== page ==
Friday, March 26, 2021

Why is mental health given short shrift?

Brian Joondeph, M.D. writes in the American Thinker about the latest Colorado mass shooting, which
happened under the FBI’s noses. Perhaps they were busy with other important cases. Like the 50 plus agents investigating Trump-Russia collusion, spying on the Trump campaign and administration. Or the dozen plus agents sent urgently to investigate a NASCAR garage door handle with a loop that someone thought might resemble a noose.
The medical and mental health community doesn’t want “mental illness” blamed for mass shootings. Yet mental illness isn’t a single entity but a broad category. While people with brain diseases like schizophrenia “may be no more prone to violence than other people,” other conditions like paranoia may be. The Boulder shooter’s family noted his paranoia.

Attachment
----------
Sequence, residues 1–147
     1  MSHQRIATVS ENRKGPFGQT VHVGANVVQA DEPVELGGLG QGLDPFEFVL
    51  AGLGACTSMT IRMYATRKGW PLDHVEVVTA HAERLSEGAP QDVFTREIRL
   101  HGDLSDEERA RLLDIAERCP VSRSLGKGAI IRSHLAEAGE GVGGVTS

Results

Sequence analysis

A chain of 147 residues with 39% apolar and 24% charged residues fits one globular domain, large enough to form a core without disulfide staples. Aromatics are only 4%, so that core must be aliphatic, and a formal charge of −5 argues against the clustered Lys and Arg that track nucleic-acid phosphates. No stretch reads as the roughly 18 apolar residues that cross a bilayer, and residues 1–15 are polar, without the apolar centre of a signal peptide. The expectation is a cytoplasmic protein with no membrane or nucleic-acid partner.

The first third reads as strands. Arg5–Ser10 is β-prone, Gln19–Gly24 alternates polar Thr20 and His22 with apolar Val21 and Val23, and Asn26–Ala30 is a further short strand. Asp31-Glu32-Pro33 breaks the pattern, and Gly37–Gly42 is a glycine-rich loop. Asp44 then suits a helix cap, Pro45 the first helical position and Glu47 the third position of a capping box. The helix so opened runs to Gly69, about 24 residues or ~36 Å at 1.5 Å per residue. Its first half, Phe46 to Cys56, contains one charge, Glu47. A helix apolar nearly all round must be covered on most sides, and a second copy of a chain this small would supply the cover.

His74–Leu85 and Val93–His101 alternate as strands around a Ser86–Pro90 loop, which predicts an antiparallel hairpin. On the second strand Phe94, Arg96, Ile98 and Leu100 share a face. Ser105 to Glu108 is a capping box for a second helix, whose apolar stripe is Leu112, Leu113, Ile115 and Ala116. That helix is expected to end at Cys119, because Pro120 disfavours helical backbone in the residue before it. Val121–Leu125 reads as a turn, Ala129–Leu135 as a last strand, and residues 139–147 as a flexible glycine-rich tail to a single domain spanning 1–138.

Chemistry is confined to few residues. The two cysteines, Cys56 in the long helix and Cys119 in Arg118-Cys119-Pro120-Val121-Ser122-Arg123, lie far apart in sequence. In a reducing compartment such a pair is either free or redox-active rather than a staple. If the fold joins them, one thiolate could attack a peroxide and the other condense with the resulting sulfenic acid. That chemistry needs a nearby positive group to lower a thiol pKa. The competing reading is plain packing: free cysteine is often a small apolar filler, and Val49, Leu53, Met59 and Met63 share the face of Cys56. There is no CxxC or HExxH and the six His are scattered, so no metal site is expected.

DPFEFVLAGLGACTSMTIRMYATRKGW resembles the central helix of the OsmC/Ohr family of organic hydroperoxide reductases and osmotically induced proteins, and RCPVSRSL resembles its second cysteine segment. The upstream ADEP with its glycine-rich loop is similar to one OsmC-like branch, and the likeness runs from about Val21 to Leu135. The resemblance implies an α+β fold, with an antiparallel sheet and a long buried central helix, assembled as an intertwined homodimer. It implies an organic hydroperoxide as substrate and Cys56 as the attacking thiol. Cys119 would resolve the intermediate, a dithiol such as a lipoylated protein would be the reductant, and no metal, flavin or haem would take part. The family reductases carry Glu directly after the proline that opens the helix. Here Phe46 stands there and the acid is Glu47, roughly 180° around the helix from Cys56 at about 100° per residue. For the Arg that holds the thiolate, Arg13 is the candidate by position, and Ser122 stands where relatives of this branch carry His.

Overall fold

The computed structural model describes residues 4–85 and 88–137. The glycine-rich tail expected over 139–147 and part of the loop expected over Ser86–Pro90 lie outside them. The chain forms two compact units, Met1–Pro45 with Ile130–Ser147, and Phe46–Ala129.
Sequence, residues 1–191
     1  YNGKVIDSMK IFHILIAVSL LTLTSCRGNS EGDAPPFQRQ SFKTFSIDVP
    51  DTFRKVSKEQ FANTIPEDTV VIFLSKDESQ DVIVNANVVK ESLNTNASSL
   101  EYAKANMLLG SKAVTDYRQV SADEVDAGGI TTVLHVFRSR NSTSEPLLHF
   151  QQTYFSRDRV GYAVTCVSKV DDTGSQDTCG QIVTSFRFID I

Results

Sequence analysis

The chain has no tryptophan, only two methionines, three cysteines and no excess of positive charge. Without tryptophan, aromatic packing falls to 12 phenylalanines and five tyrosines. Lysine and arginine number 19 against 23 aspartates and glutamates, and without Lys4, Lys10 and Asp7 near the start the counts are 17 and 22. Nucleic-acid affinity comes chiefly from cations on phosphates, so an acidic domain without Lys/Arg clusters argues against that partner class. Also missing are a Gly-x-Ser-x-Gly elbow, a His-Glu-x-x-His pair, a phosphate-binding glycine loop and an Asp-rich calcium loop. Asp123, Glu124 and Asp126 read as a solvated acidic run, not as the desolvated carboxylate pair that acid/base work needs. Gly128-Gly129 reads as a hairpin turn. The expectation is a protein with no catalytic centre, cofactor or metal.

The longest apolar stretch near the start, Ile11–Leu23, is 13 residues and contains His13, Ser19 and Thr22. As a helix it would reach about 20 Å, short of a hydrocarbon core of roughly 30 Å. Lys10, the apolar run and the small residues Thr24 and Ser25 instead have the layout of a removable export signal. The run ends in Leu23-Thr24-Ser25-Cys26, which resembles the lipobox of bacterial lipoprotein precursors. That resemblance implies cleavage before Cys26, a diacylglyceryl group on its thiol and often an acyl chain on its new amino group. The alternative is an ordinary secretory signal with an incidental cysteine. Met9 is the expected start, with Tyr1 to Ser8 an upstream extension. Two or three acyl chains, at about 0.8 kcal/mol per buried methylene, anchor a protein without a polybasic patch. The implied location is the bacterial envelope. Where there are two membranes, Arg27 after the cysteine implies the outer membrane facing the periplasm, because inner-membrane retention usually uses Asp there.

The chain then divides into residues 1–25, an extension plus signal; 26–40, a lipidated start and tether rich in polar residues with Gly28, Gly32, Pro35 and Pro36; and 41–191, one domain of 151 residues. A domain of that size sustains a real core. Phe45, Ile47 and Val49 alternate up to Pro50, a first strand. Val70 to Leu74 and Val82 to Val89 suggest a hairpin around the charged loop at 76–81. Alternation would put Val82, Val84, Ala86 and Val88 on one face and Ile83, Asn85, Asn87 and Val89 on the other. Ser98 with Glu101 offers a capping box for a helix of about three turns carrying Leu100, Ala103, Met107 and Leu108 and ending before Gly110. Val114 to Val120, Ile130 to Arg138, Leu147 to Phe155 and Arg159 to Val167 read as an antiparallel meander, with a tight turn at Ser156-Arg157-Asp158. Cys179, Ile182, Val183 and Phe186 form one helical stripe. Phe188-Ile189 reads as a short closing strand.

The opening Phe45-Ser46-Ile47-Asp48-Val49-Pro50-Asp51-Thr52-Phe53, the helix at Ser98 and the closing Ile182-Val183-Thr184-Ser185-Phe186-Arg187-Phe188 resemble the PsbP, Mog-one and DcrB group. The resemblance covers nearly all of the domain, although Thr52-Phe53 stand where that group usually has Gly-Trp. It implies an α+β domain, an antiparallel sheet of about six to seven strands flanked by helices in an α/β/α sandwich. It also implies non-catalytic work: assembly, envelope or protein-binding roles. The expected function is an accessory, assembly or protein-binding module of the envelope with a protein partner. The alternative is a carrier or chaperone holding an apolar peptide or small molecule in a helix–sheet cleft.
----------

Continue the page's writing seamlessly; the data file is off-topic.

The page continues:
Mental health is given short shrift in the medical community, especially in Colorado. The University of Colorado closed its inpatient psych unit. Colorado has 12 inpatient psych beds for every 100,000 people compared to the national average of 30. How many shootings could have been prevented if those needing mental health care actually received it?
Marijuana is another issue, legal in Colorado since 2013. As reported in the journal Psychological Medicine, “Continued cannabis use is associated with a 7-fold greater odds for subsequent commission of violent crimes.”
Did marijuana play a role in the Boulder shooting or others? Crime and driving fatalities are up significantly in Colorado since legalization. Over 15 percent of adult reported using marijuana in a past 30-day period.
It’s the “white guy” that the media and the left are worried about while mental health and cannabis are conveniently ignored.
Read more here.

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